Mr. Chakiris added his admiration for Tucker Smith’s performance in “Cool,” and also recognized Richard Beymer’s challenges playing in “Tony” under the direction of Robert Wise, whom Moreno noted, “was not an actor’s director.” Chakiris noted that the film opened a door to a career on a much higher level than his prior decade of being a chorus dancer in movie musicals. Chakiris staunchly defended Mr. Robbins, stating that in working closely with Jerry, he experienced nary a hiccup. He remembered Robbins, in fact, as being a quiet man, a description with which Marshall concurred.

Others had hiccups! Rita Moreno was a movie-musical newbie, an ingenue, when she worked for Robbins on “The King and I.” She described one of The Jer’s crueler, random attacks on a local chorus dancer. “Hey you,” Robbins pointed to a woman in the back row. “Are you wearing a girdle?” This could swing a few ways, but Moreno explained later that Robbins did not mean she needed one, rather that she was dancing like she was wearing one. Feld defended the master, saying, “I working with a lot of boring choreographers. With Jerry you were never bored.”

The panel was produced by Deborah M. Kaufman of the San Franciso-based “Words On Dance.” A beautiful evening. A love fest for West Side Story and its 100 year-old choreographer.

leave a comment

advertisements

advertisement

On Robbins’s 100th, his biographers raise a glass

Dance · Featured · Language & ideas
I’ll leave the kudos for Jerome Robbins on this auspicious day — his 100th birthday — to the New York Public Library for the Performing Arts now hosting an exhibit, Voice of My City: Jerome Robbins and New York; New York City Ballet with its planned Robbins repertory evening tonight (Afternoon of a Faun, Other ...

advertisements

advertisement

You ‘Bette’r believe it! Ms. Davis @ Larry Edmunds Bookshop

Featured · Film
We received this missive this morning from Jeff Mantor, who runs the Hollywood history hot spot at 6644 Hollywood Boulevard, aka Larry Edmunds Bookshop. Writes Jeff: On February 15, 1988 the legend, the one & only Bette Davis did a book signing at B. Dalton on Hollywood Blvd. For you book historians, this site was ...

House of Laemmle presents ‘House of Wax’ in 65th anniv screening 2

Featured · Film
In the photo, Mitch McConnell (Vincent Price) crates up Dr. Blaisey-Ford’s brain and sends it, and her, packing, back to Palo Alto. Her frozen, stunned expression captures her shock that truth-seeking holds little water for half of the population. For many, we’re living a national horror show — in a new America. To better adjust, ...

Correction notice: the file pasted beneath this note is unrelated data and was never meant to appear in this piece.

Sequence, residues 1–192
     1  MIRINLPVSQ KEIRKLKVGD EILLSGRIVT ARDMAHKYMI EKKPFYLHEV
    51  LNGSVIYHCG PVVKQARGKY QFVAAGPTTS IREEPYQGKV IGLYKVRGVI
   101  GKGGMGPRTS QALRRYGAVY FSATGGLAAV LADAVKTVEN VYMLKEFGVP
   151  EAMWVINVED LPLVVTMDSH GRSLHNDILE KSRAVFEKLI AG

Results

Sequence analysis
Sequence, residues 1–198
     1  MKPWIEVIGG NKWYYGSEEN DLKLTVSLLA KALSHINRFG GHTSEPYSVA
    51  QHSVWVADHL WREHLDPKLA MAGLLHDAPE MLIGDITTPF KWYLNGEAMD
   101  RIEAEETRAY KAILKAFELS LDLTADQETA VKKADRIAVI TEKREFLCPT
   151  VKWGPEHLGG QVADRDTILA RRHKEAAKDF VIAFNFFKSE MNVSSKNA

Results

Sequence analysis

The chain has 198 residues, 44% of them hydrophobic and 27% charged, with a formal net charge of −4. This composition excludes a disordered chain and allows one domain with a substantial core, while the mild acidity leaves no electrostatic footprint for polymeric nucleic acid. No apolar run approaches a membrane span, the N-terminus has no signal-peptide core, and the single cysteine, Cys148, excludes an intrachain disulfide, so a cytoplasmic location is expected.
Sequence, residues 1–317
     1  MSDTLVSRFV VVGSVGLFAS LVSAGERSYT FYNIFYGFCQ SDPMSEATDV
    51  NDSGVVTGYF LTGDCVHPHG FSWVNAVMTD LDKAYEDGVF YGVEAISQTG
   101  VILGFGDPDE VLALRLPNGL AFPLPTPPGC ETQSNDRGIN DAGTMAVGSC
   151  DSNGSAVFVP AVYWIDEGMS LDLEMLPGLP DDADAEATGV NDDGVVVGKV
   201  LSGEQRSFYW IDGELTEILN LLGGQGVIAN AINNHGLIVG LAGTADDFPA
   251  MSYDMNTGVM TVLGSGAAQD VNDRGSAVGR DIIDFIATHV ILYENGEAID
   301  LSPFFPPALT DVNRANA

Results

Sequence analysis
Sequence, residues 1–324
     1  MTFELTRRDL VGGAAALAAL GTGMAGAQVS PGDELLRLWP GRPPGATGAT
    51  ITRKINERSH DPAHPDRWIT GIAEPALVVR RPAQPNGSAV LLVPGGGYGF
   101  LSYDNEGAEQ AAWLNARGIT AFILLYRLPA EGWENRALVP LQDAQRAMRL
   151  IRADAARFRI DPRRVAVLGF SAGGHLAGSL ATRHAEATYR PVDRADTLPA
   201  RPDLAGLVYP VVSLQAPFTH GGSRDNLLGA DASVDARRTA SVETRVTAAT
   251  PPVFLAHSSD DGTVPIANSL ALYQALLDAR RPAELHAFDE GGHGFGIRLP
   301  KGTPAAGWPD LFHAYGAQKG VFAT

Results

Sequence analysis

Memories of Paul Taylor … and ‘Aureole’ 2

Dance
Ed. note: Guest blogger Sharon Kinney contributes this reminiscence to mark the passing away of Paul Taylor on August 29, 2018 and to honor a great American dancer/choreographer. Writes Sharon: It was the summer of 1962, Paul Taylor invited me to come audition for a new piece he was making to be performed at Connecticut ...

Pick: Diavolo at the Music Center

Architecture & Design · Dance
There’s a dizzying amount of dance going on the next few weekends, as it is the height of the fall season. But if you really want to travel to dizzying heights, consider the upcoming offering of Glorya Kaufman Presents Dance at the Music Center, Diavolo | Architecture in Motion at the Ahmanson Theatre. Diavolo Artistic ...

John Scofield jazz combo at cozy Theater Raymond Kabbaz

Music
John Scofield, the creative, distinctive and versatile guitarist and composer first burst on the scene playing with greats like Charles Mingus, Miles Davis, Herbie Hancock and Billy Cobham in the late ’70s . Possessed of a distinctive sound and stylistic diversity, Scofield is a masterful improviser whose music falls between post-bop, funk edged Jazz, and ...

Wham-bam Chris Nichols book-jam to slam Tam

Architecture & Design · Language & ideas
The biggest little kid we know has a new Taschen book (means loads of photos) which reminds us it’s a small world after all. Architectural historian and and Los Angeles Conservancy Modern Committee Founding Member Chris Nichols’ Walt Disney’s Disneyland tells the tale of the transformation of a southern California orange grove into the mother ...

Sasha Waltz ‘Kreatur’ in U.S. premiere at German Currents Film Festival

Dance · Film
The acclaimed German dance company, Sasha Waltz & Guests, will celebrate the US premiere of its critically hailed dance film, Kreatur, as the closing night event of the German Currents Film Festival, presenting outstanding German, Austrian and Swiss Films in Los Angeles. The annual festival now in its 12th year runs from October 19 – ...